And sometimes a man is present but absent. He’s there, but not really. Distracted in his career, lost in his ambitions, or trapped inside his addictions – when a man is there, but isn’t, sometimes the feelings can be the same.
A hashtag relating to many social issues around men was birthed a while ago in response to the discussion around a lot of these issues. With so many people hurting because of the behaviour of men, the “men who stay” as we’ll call them in this piece struck back and said, “well hey, not all men are like that”. Which is very true.
We can’t blame the men who stay for the men who leave.
Because we want the men who leave to be like the men who stay.
There are many, many faithful men out there. Many husbands and partners who stay committed to their significant other. There are many fathers who are consistent with their children and families. There are many men with no children whom I’ve seen to be fathers of men and women around them – even acting in a fatherly role to people older than themselves. Salute, good sir.
Calling him home
I think the person who often gets neglected in this scenario is the man who’s done the damage. The man who left. The one who walked out. Because he was the perpetrator of so much destruction, he’s the one we don’t really want to think about or approach.
But he’s probably the one who needs the most help of all.
Cause often he doesn’t like himself. He doesn’t know who he is. He can’t sleep at night. He’s oppressed by all sorts of terrible nightmares and horrible visions. He has no one checking up on him. He feels like he’s dying alone.
But he’s not alone.
I love the work of ministries like 180TC and The Salvation Army and The Men Shed who go to great lengths to bring this man back home. To look after him. To help him find his feet again.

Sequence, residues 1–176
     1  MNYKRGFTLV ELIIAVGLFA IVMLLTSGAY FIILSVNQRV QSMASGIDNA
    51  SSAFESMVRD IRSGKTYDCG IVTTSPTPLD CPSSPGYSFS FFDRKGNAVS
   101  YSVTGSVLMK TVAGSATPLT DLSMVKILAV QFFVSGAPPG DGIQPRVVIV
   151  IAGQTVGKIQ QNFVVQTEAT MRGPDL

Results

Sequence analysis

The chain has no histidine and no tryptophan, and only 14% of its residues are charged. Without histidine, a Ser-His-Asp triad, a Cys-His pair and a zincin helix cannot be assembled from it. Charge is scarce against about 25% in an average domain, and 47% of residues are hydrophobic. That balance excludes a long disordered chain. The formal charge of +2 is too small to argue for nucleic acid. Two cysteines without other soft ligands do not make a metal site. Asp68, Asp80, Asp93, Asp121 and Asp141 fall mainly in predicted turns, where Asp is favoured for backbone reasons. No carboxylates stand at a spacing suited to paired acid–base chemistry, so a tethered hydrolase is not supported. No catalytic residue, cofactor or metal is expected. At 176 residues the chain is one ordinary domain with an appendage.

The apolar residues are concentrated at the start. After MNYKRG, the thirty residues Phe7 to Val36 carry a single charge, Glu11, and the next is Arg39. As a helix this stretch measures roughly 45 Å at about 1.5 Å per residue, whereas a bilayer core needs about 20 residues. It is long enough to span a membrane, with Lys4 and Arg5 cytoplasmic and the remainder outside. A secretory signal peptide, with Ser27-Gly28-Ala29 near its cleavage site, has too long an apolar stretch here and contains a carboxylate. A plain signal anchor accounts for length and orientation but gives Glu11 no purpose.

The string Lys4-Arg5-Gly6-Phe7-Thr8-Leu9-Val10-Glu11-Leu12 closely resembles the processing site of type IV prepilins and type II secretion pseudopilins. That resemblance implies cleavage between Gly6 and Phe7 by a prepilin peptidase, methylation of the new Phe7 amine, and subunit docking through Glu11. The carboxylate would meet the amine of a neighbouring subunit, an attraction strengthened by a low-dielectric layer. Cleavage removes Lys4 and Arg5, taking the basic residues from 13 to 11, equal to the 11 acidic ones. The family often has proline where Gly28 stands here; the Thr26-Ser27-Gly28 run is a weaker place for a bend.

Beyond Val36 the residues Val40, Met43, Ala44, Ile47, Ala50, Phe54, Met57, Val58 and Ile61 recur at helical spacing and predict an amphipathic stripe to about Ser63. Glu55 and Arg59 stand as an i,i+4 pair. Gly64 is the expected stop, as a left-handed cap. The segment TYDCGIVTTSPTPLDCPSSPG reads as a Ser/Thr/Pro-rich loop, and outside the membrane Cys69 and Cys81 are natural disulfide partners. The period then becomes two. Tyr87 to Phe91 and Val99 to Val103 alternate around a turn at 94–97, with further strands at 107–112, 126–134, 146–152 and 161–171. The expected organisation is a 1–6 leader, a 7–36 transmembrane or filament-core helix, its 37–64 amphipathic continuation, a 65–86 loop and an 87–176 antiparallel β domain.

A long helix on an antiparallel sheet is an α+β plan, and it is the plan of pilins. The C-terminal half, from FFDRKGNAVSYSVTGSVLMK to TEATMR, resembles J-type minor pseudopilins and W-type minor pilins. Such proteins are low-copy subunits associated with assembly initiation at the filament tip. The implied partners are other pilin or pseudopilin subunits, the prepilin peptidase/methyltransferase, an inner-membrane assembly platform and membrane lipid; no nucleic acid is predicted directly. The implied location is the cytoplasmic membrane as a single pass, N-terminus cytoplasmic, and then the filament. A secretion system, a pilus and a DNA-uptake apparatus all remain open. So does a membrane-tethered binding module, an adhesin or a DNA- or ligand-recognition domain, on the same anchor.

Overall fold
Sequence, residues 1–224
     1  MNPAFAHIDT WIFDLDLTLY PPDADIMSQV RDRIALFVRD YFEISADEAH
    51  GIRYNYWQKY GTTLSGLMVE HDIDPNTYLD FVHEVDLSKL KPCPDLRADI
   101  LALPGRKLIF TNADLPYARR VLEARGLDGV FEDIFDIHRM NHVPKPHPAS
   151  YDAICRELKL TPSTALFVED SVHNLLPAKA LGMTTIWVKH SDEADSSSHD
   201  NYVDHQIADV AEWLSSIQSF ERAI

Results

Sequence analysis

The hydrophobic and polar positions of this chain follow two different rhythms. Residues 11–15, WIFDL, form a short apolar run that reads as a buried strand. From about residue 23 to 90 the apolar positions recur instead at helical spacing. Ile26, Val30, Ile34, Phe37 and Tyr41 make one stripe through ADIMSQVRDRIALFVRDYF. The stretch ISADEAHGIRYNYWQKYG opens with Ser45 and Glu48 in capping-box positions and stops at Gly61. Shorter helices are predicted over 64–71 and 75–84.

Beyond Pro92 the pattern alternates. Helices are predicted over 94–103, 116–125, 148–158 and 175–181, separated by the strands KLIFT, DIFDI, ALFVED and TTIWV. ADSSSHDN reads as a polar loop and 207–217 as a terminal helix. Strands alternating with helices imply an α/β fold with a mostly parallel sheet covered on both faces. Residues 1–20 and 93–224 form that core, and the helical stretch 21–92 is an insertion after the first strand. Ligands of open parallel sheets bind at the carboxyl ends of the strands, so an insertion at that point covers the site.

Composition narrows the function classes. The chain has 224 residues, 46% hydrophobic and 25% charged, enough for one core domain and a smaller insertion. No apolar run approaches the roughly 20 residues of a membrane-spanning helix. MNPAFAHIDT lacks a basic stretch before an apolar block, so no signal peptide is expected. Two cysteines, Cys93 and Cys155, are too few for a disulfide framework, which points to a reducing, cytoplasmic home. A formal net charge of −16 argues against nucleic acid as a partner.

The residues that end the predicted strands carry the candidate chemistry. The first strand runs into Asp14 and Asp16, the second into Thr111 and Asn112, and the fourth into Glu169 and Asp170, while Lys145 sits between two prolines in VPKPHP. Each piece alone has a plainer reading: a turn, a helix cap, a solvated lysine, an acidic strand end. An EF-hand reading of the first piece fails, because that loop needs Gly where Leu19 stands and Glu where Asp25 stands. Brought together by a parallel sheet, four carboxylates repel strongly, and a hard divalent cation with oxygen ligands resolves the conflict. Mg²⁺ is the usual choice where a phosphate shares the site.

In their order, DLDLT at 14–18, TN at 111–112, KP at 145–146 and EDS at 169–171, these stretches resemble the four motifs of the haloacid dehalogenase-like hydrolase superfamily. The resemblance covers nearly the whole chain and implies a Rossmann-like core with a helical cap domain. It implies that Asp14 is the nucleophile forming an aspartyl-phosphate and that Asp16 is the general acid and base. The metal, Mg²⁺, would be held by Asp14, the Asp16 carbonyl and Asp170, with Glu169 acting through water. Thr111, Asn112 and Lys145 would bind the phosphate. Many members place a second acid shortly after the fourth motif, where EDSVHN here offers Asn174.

And by and large, I think this responsibility falls to men. Usually where a man has left and caused pain, there can be a tumult of emotional conflict and broken trust which makes his family a difficult candidate for bearing the brunt of his recovery. Sure they can support him, but it’s a big ask to ask the divorcee or the abused or the abandoned to do all the outreach and reconcile him with society and with the family.
Maybe if we decided to look out for more of our brothers we could see families restored and rebuilt. We could see whole relationships and healthy friendships abound. We could see our boys out of prison and back giving their best to the world. And we could see the women and the children in our world blessed by men who live a whole and fulfilled life.
The late Myles Munroe said that if governments and organizations invested more money into families than they did into prisons, the world would be a very different place. And while I love the work that our prisons do to rehabilitate so many, imagine if we really gave our best efforts to teaching people how to make a home the most safe and healing place for people. Home is such a painful idea and such a painful place for so many people. Imagine if home was as strong as our dreams said it could be. I want to be a part of building a world like that.
I know I haven’t covered every facet of every big topic I’ve mentioned around the issue of the men who stay and the men who leave. But I think a challenge I want to throw out to my brothers out there is to leave no man behind. Go after him. Restore him. Keep him safe. Keep him strong. You can be a father, a brother and a friend to those even outside your own family.
What about you? What are your thoughts on the issues of men staying and leaving?